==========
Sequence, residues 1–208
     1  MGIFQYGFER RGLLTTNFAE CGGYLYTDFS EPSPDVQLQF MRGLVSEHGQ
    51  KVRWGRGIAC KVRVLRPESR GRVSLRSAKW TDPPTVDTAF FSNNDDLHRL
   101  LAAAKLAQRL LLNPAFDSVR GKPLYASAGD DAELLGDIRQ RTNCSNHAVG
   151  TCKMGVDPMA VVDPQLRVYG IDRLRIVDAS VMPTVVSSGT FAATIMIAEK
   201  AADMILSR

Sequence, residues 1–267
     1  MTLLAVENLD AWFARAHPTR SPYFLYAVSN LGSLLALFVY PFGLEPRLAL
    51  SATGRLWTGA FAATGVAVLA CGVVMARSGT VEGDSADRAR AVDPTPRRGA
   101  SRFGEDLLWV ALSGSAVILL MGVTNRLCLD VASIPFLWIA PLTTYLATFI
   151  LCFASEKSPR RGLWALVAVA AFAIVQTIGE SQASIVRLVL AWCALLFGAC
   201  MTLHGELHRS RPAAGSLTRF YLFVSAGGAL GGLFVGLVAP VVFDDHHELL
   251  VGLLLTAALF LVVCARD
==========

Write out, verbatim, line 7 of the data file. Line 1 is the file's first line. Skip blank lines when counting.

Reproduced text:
Sequence, residues 1–267